• Empire Station Complex, aka New York Pennsylvania Station

  • Discussion related to Amtrak also known as the National Railroad Passenger Corp.
Discussion related to Amtrak also known as the National Railroad Passenger Corp.

Moderators: GirlOnTheTrain, mtuandrew, Tadman

  by Gilbert B Norman
 
FatNoah wrote: Tue Apr 26, 2022 7:49 am While Moynihan is a far cry from the "take your breath away" GCT or (so I hear) NY Penn in its glory days...
Mr. Noah, as one of the few around here who used "Old Penn" as a paying passenger, the only "take your breath away" about it was a get rid of this dungeon.

Possibly had the initiative been in place as there was to "save GCT" things could have been different, but what I observed was a run down facility where walls were only washed to eye level (OK maybe 7ft) and 50 years of soot atop that. Skylights that were be necessity painted over during WWII, but no effort whatever made to remove such postwar. Oh and lest we forget, the "Flying Saucer" ticket cage that "landed" in the main Waiting Room, so that the previous one could become concessions.

All told, "Good Riddance". Trust me the late Noel Weaver held same and expressed such thoughts within this site.
  by NaugyRR
 
Has anyone been through Moynihan since the latest mask ruling? I've got some lounge passes I need to use up but just wanna know where I need to mask up and where I can leave it off.
  by NaugyRR
 
Awesome, thanks Noah!
  by Jeff Smith
 
https://www.nytimes.com/2022/06/23/nyre ... mtrak.html

Anyone got a shoe horn?
Overburdened Penn Station Needs More Tracks. But Where Could They Fit?

Amtrak, the national railroad that owns the station and the tracks that run through it, is moving ahead with a plan to expand the station at an estimated cost of $12 billion. That plan envisions demolishing an entire block of Midtown that is home to a 151-year-old church.

On Thursday, Amtrak awarded a contract for the design of the station expansion, which it expects will take two years and as much as $73 million to draw up.
...
  by Gilbert B Norman
 
Latest in the ongoing saga; "The Perils of Penn":

New York Times

Most interesting takeaway; "Present Penn" has now been around for as long as was "Old Penn"
Before the pandemic, Penn Station was the nation’s busiest transit hub, overwhelmed during rush hours by crowds of commuters jostling on and off trains. No architectural gem to begin with, the 54-year-old underground station had deteriorated to an embarrassing condition.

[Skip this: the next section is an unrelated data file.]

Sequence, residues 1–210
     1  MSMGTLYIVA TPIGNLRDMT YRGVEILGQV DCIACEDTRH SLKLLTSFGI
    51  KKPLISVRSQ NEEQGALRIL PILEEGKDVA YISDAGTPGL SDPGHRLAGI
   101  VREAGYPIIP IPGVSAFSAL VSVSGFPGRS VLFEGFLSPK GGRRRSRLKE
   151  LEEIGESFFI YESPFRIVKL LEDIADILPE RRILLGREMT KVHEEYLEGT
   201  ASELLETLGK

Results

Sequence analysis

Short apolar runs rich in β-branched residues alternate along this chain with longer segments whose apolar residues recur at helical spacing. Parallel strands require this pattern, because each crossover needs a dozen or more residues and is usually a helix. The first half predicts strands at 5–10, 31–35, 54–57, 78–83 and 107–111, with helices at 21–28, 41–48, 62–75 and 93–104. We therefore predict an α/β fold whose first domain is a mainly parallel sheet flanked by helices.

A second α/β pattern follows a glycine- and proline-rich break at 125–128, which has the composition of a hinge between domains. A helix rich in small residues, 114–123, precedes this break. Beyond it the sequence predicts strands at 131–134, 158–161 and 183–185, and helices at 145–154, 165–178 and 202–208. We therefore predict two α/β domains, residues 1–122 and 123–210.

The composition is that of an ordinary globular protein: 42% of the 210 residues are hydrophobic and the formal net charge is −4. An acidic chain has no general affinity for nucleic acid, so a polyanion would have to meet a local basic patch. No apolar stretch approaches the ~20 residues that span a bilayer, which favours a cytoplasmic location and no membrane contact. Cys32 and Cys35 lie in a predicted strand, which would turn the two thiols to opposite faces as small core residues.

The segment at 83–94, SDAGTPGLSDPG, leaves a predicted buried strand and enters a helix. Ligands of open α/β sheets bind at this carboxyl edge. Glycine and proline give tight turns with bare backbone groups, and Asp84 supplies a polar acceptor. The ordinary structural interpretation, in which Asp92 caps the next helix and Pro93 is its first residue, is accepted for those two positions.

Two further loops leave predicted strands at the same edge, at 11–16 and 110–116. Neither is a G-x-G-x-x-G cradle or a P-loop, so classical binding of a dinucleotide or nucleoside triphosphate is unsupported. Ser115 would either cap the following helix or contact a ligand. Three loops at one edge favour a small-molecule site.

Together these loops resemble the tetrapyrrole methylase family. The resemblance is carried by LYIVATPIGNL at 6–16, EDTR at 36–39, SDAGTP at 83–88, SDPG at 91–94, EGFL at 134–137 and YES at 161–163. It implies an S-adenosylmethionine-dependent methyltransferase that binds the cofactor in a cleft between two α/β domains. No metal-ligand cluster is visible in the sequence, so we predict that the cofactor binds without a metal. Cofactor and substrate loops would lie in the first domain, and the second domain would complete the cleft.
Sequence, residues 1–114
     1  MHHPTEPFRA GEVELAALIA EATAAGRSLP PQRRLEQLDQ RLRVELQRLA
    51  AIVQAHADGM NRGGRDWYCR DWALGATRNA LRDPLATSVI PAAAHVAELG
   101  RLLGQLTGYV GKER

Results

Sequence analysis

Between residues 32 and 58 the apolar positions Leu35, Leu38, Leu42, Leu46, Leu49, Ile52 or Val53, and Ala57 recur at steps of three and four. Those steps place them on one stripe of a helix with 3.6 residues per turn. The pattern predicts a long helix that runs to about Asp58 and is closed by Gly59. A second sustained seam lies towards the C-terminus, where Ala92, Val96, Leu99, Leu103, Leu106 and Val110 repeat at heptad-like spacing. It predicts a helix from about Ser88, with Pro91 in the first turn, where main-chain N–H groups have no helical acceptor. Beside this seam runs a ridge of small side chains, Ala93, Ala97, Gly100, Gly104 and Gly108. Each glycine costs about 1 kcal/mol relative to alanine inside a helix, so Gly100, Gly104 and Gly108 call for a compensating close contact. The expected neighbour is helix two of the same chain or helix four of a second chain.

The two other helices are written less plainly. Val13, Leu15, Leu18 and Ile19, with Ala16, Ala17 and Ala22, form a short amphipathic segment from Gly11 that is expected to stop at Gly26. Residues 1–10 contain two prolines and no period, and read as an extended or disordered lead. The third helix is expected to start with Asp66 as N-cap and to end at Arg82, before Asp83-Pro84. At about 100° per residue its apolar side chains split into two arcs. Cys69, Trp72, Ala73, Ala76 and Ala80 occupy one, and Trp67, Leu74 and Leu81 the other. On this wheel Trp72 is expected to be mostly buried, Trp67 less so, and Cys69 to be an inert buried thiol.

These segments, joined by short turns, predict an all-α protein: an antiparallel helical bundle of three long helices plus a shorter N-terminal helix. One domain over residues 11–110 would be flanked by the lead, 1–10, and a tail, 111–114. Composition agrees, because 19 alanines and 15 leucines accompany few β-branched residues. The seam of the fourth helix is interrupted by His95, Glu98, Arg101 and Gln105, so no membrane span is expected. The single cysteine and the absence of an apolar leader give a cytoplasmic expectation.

by Gilbert B Norman
 
The Times has a "compendium" article prompted by an approval received from a state development board.

Just seems like "it's all about above the ground, and not the infrastructure.

The article is in a "Q & A format", so no Fair Use quotation is being provided.
  by Greg Moore
 
https://pedestrianobservations.com/2022 ... d-on-fraud - thoughts on "more tracks are needed."

I think he's got a point about dwell and boarding times, but I think getting anywhere close to the dwell times he's advocating would take a fundamental change in both how the tenant and host railroads manage passengers (for example, Amtrak would have to start loading folks on the platforms BEFORE trains arrive) and in how passengers themselves behave. US Passengers aren't used to treating trains like subways, where they have to get on/off in a very short period of time.

Another thing I think would help is by having more trains, people are less concerned about missing a particular train. If the next train is only 15 or even 30 minutes later, it's far less critical than if it's an hour or 90 minutes later.

I do say, I wish one thing Amtrak would work on is both allowing passengers on platforms prior to arrival and posting the platforms not just minutes or even hours, but possibly days before. Airlines routinely do it (and yes, I know sometimes things change) and I understand railroads in other countries do it.

That said, yeah, I often "cheat" for Empire Service trains leaving NYP because they almost always leave from the same track.
  by Literalman
 
Empire Service routine at Penn Station: yeah, a few years ago I rode from New York to Utica, and I was possibly the last one to board the train. All the regulars knew where to line up long before the track was posted. At 30th St. in Philly I noticed the same phenomenon this spring: people lining up at a gate even though no train had been announced for that gate (not even the arrival of the Keystone from New York, which would be the train to Harrisburg). I asked some of the people in line, and they said that usually the Harrisburg train was on that track.